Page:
The OneWeb satellites were due to be launched from the Baikonur spaceport
OneWeb, the satellite company part-owned by the UK government, says it is suspending all launches from the Russian-operated Baikonur spaceport.
The firm had hoped to send up 36 spacecraft on a Soyuz rocket from the Kazakhstan cosmodrome, but the mission has become embroiled in the fall-out over the invasion of Ukraine.
Russia put down demands ahead of the flight that OneWeb could not meet.
These included a guarantee that armed forces wouldn't use the satellites.
Russia also wanted the UK government to divest itself of OneWeb shares, an ultimatum that was firmly rejected by Business Secretary Kwasi Kwarteng.
The board of OneWeb, which is headquartered in west London, voted on Thursday morning to suspend all future launches from Baikonur. It had been planning a series of flights from the cosmodrome this year to complete its broadband internet constellation in the sky.
The firm will now be working with its French partner Arianespace, which organises Soyuz launches around the world, to find alternative rocket rides.
This will be difficult, however. There is a dearth of available vehicles in the class needed by OneWeb.
The company currently has 428 spacecraft in orbit. This is sufficient to provide space-borne internet connections above 50 degrees North (which includes the UK), but close to 650 satellites are required to run a truly global service.
After OneWeb's announcement, Mr Kwarteng, whose department has a seat on the board, followed up with his own comments, tweeting: "In light of Russia's illegal and unprovoked invasion of Ukraine, we are reviewing our participation in all further projects involving Russian collaboration."
This would appear to bring an end to the "will it, won't" confusion over whether the Soyuz rocket standing on the pad at Baikonur would actually launch on Friday.
When the vehicle, with 36 OneWeb satellites nestled under its nosecone, was rolled out by cosmodrome workers on Wednesday, it seemed that the flight was "go!".
But then the head of the Russian space agency Roscosmos, Dimitry Rogozin, started to make demands before he would give the flight approval. These demands, he said, were a response to western sanctions imposed on Russia because of the war in Ukraine.
First, he wanted assurances that OneWeb's system wouldn't be used for military purposes - an impossible ask given that UK and US forces are very keen to use the internet system. Then he wanted the "hostile" UK government to sell its shares in the company - instantly rebuffed by the business secretary.
Mr Rogozin ended by posting a video of pad workers covering up UK, US and Japanese flags on the rocket's nosecone.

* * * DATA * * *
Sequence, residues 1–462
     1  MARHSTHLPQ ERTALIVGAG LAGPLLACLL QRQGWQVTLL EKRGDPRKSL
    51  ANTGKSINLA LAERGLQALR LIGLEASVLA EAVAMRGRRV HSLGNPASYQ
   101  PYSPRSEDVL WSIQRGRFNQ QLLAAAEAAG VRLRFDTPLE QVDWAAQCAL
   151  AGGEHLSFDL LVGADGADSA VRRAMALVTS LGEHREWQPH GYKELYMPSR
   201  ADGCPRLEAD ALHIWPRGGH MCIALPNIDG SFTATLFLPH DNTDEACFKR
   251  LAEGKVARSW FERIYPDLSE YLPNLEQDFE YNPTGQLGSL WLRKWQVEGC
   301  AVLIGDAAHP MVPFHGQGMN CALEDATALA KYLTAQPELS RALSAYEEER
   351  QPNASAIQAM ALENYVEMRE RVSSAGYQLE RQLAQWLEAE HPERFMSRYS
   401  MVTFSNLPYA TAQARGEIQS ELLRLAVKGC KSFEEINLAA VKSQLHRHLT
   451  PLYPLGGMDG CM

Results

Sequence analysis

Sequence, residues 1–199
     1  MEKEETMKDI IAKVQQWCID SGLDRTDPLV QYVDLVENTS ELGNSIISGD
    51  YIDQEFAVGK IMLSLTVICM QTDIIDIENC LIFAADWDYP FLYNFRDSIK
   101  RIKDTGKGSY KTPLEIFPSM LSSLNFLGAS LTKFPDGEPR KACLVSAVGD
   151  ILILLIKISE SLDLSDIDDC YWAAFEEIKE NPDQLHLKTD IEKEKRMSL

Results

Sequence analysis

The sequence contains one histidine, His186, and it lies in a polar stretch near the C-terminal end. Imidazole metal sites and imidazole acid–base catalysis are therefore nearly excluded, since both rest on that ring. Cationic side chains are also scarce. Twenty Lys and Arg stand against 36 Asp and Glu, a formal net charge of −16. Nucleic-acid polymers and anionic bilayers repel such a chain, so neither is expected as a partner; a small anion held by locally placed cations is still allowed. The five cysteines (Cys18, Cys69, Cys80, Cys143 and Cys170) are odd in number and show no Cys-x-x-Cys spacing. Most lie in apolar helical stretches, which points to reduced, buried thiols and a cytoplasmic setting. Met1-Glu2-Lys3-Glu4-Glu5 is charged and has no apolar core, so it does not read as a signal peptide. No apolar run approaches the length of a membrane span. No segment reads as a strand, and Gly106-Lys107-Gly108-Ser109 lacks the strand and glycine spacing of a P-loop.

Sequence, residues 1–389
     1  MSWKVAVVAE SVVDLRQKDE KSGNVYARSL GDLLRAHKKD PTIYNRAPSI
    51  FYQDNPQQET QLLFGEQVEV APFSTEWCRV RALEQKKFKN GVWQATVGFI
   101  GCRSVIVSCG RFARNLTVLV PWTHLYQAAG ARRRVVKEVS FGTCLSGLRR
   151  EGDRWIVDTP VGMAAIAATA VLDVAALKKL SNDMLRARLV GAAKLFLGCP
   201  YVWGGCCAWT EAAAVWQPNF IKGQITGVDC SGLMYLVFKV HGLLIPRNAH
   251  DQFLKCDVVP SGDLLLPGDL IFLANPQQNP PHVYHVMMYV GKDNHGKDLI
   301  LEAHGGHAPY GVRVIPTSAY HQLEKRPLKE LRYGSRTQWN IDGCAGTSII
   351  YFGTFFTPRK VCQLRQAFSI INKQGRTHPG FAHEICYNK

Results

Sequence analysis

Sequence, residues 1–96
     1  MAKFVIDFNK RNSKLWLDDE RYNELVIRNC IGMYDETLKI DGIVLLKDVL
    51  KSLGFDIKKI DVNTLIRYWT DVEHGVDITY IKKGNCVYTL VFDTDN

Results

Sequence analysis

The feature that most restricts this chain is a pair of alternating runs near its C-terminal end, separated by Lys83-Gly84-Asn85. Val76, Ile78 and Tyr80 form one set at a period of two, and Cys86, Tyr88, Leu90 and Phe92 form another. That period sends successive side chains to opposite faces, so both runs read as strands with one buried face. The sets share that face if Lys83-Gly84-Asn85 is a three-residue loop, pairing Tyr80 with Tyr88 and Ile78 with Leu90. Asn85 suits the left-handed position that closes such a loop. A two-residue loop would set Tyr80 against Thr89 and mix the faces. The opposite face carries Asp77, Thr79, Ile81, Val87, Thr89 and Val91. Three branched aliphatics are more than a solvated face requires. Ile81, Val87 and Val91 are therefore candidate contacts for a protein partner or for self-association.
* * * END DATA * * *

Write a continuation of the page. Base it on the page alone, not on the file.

Assuming Friday's planned launch is indeed cancelled, there arises the question of what happens to the 36 satellites.
These remain the property of OneWeb, but it's unclear how they could be returned. There are currently no OneWeb staff in Baikonur to organise a shipment, even if Russia agreed to release the spacecraft.
The company's manufacturing facility is in Florida where the production line can turn out two satellites a day, so they could quickly be replaced if alternative rockets are sourced.
Mr Rogozin has already stated that money received in exchange for Soyuz rockets will not be given back.
"Due to force majeure circumstances that have arisen as a result of the aggressive policy of the West and the sanctions that are applied against Russia, this money will remain in Russia," he said.
OneWeb leaves Baikonur Cosmodrome after Roscosmos ultimatum
Mounting international sanctions raise launch and production questions for OneWeb's remaining constellation. Credit: Airbus OneWeb Satellites
Update: OneWeb announced March 3 that its board voted to “suspend all launches from Baikonur.”
TAMPA, Fla. — OneWeb on March 2 ordered staff to leave Russia’s Baikonur Cosmodrome in Kazakhstan amid an impasse over the planned March 4 launch of its latest batch of satellites on a Soyuz rocket, an executive for the U.K.-based company said.
Chris McLaughlin, OneWeb’s chief of government, regulatory affairs and engagement, told SpaceNews it decided to leave the Russian-controlled launch site after Roscosmos issued an ultimatum on the mission.
With geopolitical tensions rising amid Russia’s invasion of Ukraine, Roscosmos Director General Dmitry Rogozin said the planned March 4 launch could only go ahead if OneWeb guarantees the satellites would not be used for military purposes, and the British government divests its stake in the company.